Drug-Related HIV Outbreak Spurs Nationwide Alert
More than 140 cases of the AIDS-causing virus reported in rural Indiana
FRIDAY, April 24, 2014 (HealthDay News) -- With narcotic painkiller abuse now linked to 142 cases of HIV in rural Indiana, U.S. health officials are alerting other states to watch for clusters of HIV and hepatitis C among injection drug users.
The Scott County epidemic is "a powerful reminder that people who inject drugs are at high risk for both HIV and hepatitis," said Dr. Jonathan Mermin, director of the National Center for HIV/AIDS, Viral Hepatitis, STD, and TB Prevention.
HIV, the AIDS-causing virus, "can gain ground at any time unless we remain vigilant about prevention, testing and care," he said during a Friday morning news conference.
There is no indication that HIV infection among injection drug users is spreading beyond this area of Indiana, he said. "But it will be critical to examine all available data on the state and local level to assess whether HIV is increasing among injection drug users in any area and to be sure any increases are being detected," Mermin said.
The U.S. Centers for Disease Control and Prevention estimates that about 3,900 new cases of HIV each year are attributable to injection drug use. "That's down nearly 90 percent from a peak of 35,000 annually in the 1980s," Mermin noted.
However, because of widespread narcotic painkiller abuse in the United States, hepatitis C infections increased 150 percent between 2010 and 2013, Mermin said. Most of these infections have resulted from sharing needles, he pointed out.
The CDC health advisory is designed to alert state health departments to the hepatitis C epidemic and the possibility of current or future HIV outbreaks among people who inject drugs, Mermin said. Hepatitis C can lead to serious liver disease, including cancer.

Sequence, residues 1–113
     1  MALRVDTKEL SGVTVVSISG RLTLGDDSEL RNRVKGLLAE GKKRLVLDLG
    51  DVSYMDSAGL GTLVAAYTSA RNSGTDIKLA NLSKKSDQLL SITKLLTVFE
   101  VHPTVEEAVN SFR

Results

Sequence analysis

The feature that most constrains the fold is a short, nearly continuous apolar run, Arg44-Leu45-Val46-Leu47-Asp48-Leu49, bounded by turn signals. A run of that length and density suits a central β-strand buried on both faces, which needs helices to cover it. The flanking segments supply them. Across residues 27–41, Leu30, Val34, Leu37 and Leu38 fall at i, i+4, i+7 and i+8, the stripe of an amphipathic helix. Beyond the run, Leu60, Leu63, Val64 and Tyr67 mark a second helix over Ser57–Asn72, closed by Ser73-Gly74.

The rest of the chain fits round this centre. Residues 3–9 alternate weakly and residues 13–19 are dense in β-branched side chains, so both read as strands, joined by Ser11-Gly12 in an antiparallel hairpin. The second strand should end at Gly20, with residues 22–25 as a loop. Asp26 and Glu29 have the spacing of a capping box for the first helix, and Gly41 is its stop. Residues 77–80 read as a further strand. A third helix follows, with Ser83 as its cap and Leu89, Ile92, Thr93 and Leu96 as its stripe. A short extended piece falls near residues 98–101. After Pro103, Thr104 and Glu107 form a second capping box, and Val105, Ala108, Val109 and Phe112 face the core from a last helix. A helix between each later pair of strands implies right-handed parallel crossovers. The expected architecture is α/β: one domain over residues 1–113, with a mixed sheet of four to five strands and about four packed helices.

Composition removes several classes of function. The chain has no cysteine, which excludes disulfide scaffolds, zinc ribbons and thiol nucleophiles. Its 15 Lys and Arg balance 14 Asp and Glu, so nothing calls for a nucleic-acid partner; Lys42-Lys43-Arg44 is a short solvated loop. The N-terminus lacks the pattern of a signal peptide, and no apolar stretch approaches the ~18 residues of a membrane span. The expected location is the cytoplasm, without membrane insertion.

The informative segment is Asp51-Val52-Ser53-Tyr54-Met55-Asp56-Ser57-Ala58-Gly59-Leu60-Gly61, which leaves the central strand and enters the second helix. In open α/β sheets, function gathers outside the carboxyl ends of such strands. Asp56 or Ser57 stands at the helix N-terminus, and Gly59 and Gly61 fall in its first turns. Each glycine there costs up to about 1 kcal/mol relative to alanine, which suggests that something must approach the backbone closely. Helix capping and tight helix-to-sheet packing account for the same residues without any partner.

"We are asking states to take a look at their most recent data on HIV and hepatitis C as well as overdose deaths and admissions for drug treatment -- and drug arrests -- to help identify communities that could be at high risk for unrecognized clusters of hepatitis C and HIV infection," he said.
Indiana State Health Commissioner Dr. Jerome Adams said during the news conference that the Scott County outbreak is unique because the rural locale has had little HIV previously and because it's related to pervasive injection drug use.
"We literally have new cases being reported every day on an hourly basis," Adams said.
As part of Indiana's response to the outbreak, Gov. Mike Pence has issued an executive order allowing a 30-day needle exchange program. The program has been extended for another 30 days.
Also speaking at the news conference, Dr. Joan Duwve, chief medical consultant to the Indiana State Department of Health, said nearly all of the HIV cases identified have been related to injections of the painkiller oxymorphone (Opana).
Even though oxymorphone tablets are tamper-resistant, Duwve said drug abusers have found a way to make the drug injectable.
Addicts inject themselves as many as 10 times a day to maintain their high and prevent withdrawal, she said. Frequent injections and needle-sharing increase the risk of HIV transmission, she said.
Steps taken by the state health department include the launch of a public education and testing program, she said. This is "a one-stop shop to provide services to the community, including HIV testing, registration for insurance coverage and referral to addiction treatment services," Duwve said.
Because Scott County has only one doctor, Duwve said they've set up an HIV clinic staffed by medical teams from Indiana State University.
Mermin said that, "The situation in Indiana is a warning that we cannot let down our guard against this deadly infection."
For more on HIV, visit the U.S. Centers for Disease Control and Prevention (http://www.cdc.gov/hiv/ ).
SOURCES: April 24, 2015, news conference with: Jonathan Mermin, M.D., M.P.H., director, National Center for HIV/AIDS, Viral Hepatitis, STD, and TB Prevention, U.S. Centers for Disease Control and Prevention; Jerome M. Adams, M.D., M.P.H., Indiana State Health Commissioner; Joan Duwve, M.D. chief medical consultant, Indiana State Department of Health